Facts in The Scarlet Letter

The Custom-House 23
"making an investment in ink, paper, and steel-pens, had opened his long-disused writing-desk, and was again a literary man..."   (The Custom-House)

Here Hawthorne explains that although he got fired, and it was an embarrassing problem at the time, it was a actually good because it made him pursue his dream of being a writer. Ending this introductory essay with the sentiment of this dream is serendipitous because Hawthorne became an iconic American literary figure almost instantly after the release of The Scarlet Letter.

"Introductory to “the Scarlet Letter”..."   (The Custom-House)

Nathaniel Hawthorne included “The Custom-House” as an introductory essay for the original publication of The Scarlet Letter because he believed the book was too short for successful publication. While Hawthorne is the narrator of the story, it should be noted that this is a fictionalized account of Hawthorne’s time as a Custom-House Officer. Although this does not have to be read to understand the plot of The Scarlet Letter, it gives the story a historical background.

"Chaucer..."   (The Custom-House)

The famous English poet Geoffrey Chaucer is best known for writing The Canterbury Tales. Hawthorne mentions Chaucer and Burns to make the point that the people he comes in contact with on a daily basis would not care, if they knew, if he was a good writer, not only because he wasn’t yet successful, but because they do not have refined literary taste.

"General Taylor to the Presidency..."   (The Custom-House)

Zachary Taylor was the 12th President of the United States and a member of the Whig Party. Hawthorne was a Democrat and would have been strongly opposed to Taylor being elected president.

"Hester Prynne..."   (The Custom-House)

This is the first mention of Hester Prynne in the entire essay. Finally, as readers we understand why this story preludes the The Scarlet Letter: the A was Prynne’s almost 200 years ago and the story, is her story.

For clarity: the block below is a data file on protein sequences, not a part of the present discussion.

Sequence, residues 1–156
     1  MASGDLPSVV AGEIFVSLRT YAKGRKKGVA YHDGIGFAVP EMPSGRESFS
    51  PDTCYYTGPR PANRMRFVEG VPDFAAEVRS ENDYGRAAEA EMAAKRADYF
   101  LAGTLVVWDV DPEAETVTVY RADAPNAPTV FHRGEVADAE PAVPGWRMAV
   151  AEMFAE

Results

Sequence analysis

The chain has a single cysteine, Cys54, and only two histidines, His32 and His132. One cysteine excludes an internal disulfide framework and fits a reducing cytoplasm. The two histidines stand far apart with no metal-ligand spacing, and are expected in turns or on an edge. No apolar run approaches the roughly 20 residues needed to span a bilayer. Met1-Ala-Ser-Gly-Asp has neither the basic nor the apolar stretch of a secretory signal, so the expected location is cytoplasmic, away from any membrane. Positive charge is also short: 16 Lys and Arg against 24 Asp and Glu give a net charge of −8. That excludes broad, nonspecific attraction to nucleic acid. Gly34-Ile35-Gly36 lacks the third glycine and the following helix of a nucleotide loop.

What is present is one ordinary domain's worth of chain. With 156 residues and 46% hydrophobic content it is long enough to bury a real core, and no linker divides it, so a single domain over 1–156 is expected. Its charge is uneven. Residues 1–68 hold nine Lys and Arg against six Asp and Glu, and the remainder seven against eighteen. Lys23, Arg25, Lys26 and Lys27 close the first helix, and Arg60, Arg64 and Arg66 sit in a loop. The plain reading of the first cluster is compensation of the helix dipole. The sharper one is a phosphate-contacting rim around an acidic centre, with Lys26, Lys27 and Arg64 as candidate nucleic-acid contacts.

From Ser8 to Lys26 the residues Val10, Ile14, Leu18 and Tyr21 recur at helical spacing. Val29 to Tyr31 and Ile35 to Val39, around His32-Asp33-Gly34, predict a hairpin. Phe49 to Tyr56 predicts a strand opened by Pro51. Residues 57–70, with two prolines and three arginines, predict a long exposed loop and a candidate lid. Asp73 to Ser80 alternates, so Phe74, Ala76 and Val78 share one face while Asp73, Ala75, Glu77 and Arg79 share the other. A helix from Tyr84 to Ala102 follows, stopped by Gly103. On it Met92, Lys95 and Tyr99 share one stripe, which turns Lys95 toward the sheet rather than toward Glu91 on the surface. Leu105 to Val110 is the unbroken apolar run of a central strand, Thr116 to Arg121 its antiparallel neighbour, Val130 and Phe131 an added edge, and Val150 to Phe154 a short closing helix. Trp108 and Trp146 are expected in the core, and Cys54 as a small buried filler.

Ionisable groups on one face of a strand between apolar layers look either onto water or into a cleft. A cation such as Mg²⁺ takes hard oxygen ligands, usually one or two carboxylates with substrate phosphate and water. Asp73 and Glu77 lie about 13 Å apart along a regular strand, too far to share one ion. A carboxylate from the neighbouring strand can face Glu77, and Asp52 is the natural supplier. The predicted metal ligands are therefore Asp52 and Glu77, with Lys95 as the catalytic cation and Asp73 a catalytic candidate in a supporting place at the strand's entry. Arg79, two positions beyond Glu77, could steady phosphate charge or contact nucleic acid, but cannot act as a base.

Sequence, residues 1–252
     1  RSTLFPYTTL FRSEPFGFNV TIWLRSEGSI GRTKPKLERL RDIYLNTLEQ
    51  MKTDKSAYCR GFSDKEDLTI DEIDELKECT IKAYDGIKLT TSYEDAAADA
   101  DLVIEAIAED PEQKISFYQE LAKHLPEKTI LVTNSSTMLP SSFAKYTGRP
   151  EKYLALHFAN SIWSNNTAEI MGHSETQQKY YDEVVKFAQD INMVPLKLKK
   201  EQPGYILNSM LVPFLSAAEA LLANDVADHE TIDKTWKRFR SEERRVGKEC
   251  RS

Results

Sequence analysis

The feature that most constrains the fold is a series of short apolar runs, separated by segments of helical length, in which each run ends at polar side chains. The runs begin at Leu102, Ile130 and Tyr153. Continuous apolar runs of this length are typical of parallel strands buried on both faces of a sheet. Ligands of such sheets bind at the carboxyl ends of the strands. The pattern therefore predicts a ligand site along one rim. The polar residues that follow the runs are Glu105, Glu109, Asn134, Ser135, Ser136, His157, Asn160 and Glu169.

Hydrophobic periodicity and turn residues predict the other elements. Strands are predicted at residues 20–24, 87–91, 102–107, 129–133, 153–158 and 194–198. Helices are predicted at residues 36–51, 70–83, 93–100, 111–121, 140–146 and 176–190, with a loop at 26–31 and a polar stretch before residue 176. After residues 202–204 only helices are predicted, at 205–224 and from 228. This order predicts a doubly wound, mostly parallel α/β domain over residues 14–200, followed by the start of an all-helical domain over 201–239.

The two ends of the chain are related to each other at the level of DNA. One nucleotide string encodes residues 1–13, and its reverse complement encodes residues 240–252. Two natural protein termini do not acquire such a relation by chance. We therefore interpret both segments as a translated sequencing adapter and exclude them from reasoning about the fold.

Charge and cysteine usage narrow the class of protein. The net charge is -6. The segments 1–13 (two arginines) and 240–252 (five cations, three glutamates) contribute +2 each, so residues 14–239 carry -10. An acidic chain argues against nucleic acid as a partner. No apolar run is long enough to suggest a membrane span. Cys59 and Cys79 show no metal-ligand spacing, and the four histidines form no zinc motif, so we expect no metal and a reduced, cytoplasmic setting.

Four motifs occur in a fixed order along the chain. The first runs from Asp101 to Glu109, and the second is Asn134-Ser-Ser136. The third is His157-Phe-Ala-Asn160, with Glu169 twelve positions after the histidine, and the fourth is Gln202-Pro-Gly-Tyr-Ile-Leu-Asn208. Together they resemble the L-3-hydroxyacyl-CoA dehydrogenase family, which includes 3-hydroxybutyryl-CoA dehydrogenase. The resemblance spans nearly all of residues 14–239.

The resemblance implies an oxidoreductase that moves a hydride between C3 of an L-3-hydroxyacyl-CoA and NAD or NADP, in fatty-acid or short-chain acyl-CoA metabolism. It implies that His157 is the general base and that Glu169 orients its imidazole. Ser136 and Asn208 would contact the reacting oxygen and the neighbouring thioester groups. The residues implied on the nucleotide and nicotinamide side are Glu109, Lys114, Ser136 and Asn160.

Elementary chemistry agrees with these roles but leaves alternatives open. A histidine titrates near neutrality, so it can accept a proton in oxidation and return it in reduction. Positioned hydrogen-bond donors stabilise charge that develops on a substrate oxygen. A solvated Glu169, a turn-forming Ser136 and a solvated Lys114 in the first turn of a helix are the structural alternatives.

"MAIN STREET..."   (The Custom-House)

Hawthorne’s short story “Main Street” gives a reasonably accurate account of Salem in the 17th century. The story focuses on the changing roles of Native Americans in society.

"Burns..."   (The Custom-House)

Hawthorne had a deep admiration for the work of Scottish poet and songwriter Robert Burns. It is thought that his short story “Young Goodman Brown” was inspired by Burns’s poem “Tam O’Shanter.” Burns’s mention here can be read as a tribute from Hawthorne acknowledging Burns as one of his inspirations.

"Hillard's culture..."   (The Custom-House)

The American author and lawyer George Stillman Hillard rented rooms to Hawthorne, who had recently taken a job at the Custom-House. He was a Democrat who opposed slavery and founded the Five of Clubs, an informal social group. His political beliefs were influential in Hawthorne’s own decision to be a Democrat.

"Salem..."   (The Custom-House)

Salem is a coastal town in Massachusetts, historically famous for the Salem witch trials. The witch trials began when a group of young girls claimed to be possessed by the devil and accused several local women of witchcraft. Between February 1692 and May 1693 more than 200 people were accused of witchcraft while 20 of them were executed, before the hysteria calmed down.